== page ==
Practice Management

How We Increased Capture Rate 15%, Doubled Patients Per Day & Boosted Return Visits

By Nicole Lovato

August 18, 2021

Your patients and practice deserve a well-run office. You can only provide stellar care if the office is as efficient as possible, if you are doing your best to ensure patients leave with all the services and products the doctor prescribed, and if patients follow through on their treatment plans.

Here are a few important improvements I implemented as practice manager that resulted in better-cared-for patients and a more profitable practice.

Seating Patients in Optical Immediately After Exam
We were increasingly seeing our prescriptions walk out the door. Our eyewear capture rate was not as high as we knew we were capable of making it. So, we changed how we hand the patient off to the optical.

Following the visit with the doctor, the tech or the OD walks the patient to the optical area, pulls out a chair from the table and tells the patient, “Have a seat, someone will be right over to get you finished up.” It is important that this verbiage is used. If you say anything about ordering contact lenses or glasses it gives the patient an opportunity to say they are not interested. The staff member who brought them to the optical is then forced to walk the patient directly to the check-out desk.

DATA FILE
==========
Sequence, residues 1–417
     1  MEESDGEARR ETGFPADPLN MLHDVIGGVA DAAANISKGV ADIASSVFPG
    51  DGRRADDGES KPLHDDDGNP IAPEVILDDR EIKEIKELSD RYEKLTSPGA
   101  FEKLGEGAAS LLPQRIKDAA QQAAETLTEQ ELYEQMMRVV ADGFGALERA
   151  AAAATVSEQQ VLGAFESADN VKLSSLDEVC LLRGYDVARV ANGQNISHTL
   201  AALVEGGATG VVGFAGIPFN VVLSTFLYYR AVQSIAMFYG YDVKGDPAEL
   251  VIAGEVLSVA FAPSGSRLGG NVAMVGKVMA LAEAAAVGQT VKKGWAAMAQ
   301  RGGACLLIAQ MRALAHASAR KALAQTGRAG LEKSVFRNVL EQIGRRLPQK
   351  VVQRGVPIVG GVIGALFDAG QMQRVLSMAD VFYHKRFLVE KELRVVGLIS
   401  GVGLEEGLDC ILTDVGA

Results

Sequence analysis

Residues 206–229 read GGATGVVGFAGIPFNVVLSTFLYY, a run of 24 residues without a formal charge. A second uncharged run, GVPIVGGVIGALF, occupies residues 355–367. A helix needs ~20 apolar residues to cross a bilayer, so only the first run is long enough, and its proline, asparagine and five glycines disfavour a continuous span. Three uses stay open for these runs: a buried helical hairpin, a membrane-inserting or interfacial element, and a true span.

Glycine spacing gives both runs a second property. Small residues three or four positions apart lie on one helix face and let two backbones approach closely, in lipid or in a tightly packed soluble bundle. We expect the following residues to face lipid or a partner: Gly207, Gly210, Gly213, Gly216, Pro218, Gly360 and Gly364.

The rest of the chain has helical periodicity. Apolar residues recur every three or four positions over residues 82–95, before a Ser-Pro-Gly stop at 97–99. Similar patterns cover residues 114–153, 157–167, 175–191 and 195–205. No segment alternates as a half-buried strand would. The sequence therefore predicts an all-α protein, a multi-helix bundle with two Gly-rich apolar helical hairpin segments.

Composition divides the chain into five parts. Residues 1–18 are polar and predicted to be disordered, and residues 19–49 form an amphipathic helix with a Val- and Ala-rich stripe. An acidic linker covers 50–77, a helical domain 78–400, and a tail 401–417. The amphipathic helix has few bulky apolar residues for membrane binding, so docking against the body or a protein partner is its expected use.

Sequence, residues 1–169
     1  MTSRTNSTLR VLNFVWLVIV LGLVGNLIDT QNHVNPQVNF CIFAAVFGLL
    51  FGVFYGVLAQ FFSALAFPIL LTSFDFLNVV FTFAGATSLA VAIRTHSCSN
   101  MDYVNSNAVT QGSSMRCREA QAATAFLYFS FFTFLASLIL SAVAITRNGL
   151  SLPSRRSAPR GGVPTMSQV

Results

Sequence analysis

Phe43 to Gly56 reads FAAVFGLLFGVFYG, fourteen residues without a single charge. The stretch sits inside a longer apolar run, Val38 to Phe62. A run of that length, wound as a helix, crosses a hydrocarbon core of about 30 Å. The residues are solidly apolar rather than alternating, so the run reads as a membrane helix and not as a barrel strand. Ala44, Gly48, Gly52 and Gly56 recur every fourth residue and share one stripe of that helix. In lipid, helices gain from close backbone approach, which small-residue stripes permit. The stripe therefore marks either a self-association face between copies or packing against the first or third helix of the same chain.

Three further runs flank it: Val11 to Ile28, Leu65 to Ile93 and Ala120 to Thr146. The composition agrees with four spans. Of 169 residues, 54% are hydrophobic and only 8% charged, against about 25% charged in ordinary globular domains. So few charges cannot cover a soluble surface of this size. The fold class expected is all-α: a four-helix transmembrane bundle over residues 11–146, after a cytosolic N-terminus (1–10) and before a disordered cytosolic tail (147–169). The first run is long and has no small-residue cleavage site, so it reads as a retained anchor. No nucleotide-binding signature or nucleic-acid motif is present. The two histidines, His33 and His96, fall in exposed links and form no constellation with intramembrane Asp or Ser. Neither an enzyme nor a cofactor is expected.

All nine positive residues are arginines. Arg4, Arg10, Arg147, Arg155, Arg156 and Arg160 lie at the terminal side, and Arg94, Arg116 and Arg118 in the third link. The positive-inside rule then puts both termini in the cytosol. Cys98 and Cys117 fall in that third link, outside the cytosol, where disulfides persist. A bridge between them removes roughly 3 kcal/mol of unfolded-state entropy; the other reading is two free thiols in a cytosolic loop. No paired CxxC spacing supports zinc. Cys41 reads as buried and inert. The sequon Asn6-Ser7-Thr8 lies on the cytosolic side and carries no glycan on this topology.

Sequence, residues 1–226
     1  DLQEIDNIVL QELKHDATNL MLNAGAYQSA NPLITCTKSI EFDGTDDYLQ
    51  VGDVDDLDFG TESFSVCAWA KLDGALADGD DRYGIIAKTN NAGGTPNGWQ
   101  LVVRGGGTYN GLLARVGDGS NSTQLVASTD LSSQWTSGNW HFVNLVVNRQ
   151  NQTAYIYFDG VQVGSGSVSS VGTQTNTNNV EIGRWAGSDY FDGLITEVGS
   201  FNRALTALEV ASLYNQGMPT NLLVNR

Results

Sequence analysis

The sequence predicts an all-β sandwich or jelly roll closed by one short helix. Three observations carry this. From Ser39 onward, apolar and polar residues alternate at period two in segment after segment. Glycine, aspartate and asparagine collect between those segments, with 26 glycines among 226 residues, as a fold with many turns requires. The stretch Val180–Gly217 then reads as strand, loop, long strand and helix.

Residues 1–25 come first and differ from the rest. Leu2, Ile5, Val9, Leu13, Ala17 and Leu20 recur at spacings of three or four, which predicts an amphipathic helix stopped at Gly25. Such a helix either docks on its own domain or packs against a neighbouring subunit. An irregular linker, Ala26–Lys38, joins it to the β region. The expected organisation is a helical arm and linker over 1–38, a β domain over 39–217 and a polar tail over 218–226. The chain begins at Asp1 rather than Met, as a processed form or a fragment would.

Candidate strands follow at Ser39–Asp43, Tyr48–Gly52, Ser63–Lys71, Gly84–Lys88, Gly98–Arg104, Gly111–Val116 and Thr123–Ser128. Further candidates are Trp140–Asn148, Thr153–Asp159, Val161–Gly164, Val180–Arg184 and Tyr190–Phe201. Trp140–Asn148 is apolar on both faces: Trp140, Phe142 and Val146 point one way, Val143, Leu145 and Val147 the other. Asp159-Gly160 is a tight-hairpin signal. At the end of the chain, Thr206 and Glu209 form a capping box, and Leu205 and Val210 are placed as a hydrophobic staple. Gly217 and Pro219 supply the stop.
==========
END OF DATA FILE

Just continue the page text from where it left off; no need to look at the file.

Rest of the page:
New techs all deviate from the statement above when they are first hired. When I observe this happening I stand back and watch and the patient will always have questions for the tech that they are not equipped to answer, or will say, “I am not buying anything today.” I then use this opportunity to take that employee aside and explain that this is why we always say, “Have a seat, someone will be right over to get you finished up.” The employee then understands the value of the statement and rarely says anything else.

The patient will occasionally say to the doctor or tech in the exam room that they do not plan to buy glasses or contacts today. Even when that happens, I make sure the doctor and tech still seat the patient in the optical.

We have been pleasantly surprised at the number of patients our optician is able to successfully encourage to purchase eyewear and contacts. An optician’s job is to explain options and make purchasing in the office an easy and pleasant experience. These are skills only well-trained opticians possess. Allowing anyone else in the office to have these discussions, or be told no by the patient, will only result in a lost potential sale.

Having more patients purchase from us versus online is also excellent for ensuring a high level of care. Patients who purchase their glasses in-office typically have a better experience with their eyewear due to the ease of purchasing and the ability to go back to the same place that did their exam to address any issues that arise.

Results: Prior to seating every patient in the optical our capture rate was about 45 percent. Since making this change we have increased our capture rate to roughly 60 percent.

Maximizing Staff Time
We cross-train all of our staff, utilize a scribe/tech in the exam rooms and set proper expectations with our staff.